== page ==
Tips for Keeping Your Devices Secure
We all live in a connected world where the smartphone in our pocket or the laptop in our bag often contain all the information required to steal an identity, utilize financial resources, and infiltrate secure spaces. The prevalence of cybercrime and the tenacity of cybercriminals means it is more important than ever to take steps to secure all the devices you use to connect.
ISS recommends taking the following security precautions in order to create a layered defense against the most common threats against your devices and the information they contain.
Don’t Use Public Wi-Fi
Ever. Really. Unless, of course, you are also using a personal VPN (or the UNH VPN when appropriate).
Use A VPN
A VPN, or Virtual Private Network, provides as a secure, encrypted connection from a computing device to the internet. Using a VPN protects you by hiding your device’s IP address and physical location and encrypting your data.
For more information on VPNs, read Privacy Reclaimed: Use a VPN When Computing at Home or On the Go .
Password Protect Your Devices
Requiring a password to access your device makes it more difficult to gain unauthorized access to any data stored on it. For mobile devices, enabling auto-lock increases this protection.
Install Anti-Malware Software and Keep it Up to Date
Protect all devices that connect to the internet, including computers, smart phones, and other web-enabled devices by installing anti-virus and anti-malware software and keeping them up to date.
For more information on Anti-virus and Anti-malware options available at UNH, read UNH Campus Virus Protection.
Keep Your Device Up to Date
Having the latest version of all the software and applications you use is the best defense against viruses, malware, and other online threats. This includes your web browser, operating system, mobile device operating system, and anti-malware/anti-virus/security software. Make sure your devices automatically accept and install operating system updates. Also, ensure you are accepting updates from third-party applications like Adobe Acrobat Reader, Adobe Flash Player, Java, and Microsoft Office applications as outdated versions contain vulnerabilities that are frequently exploited by cybercriminals.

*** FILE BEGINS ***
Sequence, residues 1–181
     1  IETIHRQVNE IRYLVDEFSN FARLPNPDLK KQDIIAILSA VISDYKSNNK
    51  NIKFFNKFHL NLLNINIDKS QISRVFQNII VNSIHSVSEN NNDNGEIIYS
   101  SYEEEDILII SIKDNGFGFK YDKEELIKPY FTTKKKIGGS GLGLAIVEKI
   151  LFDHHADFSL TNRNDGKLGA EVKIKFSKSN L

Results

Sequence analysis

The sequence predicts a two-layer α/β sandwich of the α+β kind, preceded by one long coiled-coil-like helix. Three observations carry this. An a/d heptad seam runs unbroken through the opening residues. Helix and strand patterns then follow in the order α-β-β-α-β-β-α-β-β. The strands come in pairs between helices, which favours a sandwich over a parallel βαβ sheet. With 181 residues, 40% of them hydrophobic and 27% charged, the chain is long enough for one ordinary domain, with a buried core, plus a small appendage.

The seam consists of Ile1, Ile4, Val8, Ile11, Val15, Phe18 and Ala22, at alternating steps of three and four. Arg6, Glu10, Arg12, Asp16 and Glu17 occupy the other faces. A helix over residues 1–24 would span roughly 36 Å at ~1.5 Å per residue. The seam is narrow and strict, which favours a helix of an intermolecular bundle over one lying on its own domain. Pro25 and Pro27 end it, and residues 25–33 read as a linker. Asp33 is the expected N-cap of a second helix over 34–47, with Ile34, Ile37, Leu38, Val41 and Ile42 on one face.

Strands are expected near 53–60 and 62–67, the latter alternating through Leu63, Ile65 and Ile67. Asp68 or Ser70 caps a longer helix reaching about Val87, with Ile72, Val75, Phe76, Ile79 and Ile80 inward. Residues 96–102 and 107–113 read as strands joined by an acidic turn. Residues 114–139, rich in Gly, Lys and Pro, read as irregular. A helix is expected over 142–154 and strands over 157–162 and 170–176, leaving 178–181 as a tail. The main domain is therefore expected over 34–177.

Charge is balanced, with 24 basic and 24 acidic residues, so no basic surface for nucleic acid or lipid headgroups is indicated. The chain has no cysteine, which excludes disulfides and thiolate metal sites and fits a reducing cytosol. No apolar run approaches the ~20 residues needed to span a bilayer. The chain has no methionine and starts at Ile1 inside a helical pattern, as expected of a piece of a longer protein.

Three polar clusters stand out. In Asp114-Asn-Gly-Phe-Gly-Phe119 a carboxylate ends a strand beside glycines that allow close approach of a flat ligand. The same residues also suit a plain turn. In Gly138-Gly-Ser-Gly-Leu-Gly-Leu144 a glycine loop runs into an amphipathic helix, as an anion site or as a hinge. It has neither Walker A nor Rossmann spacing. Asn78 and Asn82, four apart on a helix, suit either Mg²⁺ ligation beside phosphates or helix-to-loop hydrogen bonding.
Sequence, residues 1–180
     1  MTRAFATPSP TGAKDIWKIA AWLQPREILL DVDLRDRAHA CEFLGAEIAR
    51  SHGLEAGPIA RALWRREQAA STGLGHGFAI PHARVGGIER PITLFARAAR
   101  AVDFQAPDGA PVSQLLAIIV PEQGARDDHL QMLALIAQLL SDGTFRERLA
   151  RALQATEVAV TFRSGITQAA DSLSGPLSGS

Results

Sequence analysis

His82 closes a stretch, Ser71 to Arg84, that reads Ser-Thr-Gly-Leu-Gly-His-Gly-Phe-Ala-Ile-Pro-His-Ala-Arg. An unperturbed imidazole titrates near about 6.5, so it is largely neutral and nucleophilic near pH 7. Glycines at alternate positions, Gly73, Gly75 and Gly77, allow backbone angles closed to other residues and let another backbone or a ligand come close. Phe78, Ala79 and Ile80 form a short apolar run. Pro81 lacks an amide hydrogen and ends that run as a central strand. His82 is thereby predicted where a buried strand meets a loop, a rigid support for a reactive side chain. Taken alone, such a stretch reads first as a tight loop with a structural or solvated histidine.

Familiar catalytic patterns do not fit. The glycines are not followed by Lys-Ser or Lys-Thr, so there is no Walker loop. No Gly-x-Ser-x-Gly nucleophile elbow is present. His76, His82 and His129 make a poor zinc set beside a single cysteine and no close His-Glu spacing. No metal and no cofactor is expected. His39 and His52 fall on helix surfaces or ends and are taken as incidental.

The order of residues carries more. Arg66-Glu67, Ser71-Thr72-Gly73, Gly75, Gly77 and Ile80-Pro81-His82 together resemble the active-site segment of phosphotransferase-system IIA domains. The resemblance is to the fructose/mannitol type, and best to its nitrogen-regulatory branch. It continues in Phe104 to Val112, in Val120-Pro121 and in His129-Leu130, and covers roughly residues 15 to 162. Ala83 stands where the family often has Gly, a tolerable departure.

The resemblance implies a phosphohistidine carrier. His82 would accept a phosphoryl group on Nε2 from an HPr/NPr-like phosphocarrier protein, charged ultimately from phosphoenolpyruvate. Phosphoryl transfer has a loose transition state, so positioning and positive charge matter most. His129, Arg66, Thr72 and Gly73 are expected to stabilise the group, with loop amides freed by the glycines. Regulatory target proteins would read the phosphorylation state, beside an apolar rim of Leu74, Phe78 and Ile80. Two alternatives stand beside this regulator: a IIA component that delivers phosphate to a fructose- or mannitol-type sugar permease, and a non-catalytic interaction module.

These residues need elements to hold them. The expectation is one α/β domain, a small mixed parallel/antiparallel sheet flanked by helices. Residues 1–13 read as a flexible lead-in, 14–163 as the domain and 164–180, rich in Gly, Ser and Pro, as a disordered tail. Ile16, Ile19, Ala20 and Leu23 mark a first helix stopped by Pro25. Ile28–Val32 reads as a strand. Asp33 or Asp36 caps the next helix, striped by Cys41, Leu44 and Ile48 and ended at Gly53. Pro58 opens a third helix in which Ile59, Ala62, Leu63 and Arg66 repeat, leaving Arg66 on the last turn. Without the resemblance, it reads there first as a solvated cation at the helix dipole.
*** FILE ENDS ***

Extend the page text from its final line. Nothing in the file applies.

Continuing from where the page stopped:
Back-up Your Device or Rely on Cloud Storage
Regular back-ups of the data stored on your devices to an external storage location like an external hard drive or a cloud service is one of your best protections against ransomware, theft, and other causes of data loss. Alternatively, you can choose not to store any data on your device and rely solely on cloud services, like Box at UNH, for storage. Both approaches help protect against device-specific data loss.
Encrypt Your Devices
Encryption protects the information on your device in the event the device is lost or stolen.
For more information on encrypting UNH faculty and staff devices, see Enterprise Encryption Services.
Avoid Common Malware Delivery Mechanisms
You can help protect your device from malware infection by steering clear of the types of websites and programs commonly used for malware delivery. For more information on the types of websites and programs to avoid, read Tips to Avoid Malware.
Never Leave Devices Unattended
Do not leave portable devices unattended in public spaces. This reduces the risk of theft, which can result in ramifications well beyond the cost of replacing the device. It also ensures no one is able to access your device (and the data it contains) without your knowledge or permission.
Enable Remote Wipe on Mobile Devices
Enabling the remote wipe feature on your mobile phone or tablet ensure you have the ability to protect the data on that device if it is lost or stolen.
Disable Wi-Fi and Bluetooth When Not in Use
Turn off Wi-Fi and Bluetooth when you are not using them to present unauthorized wireless access to the device.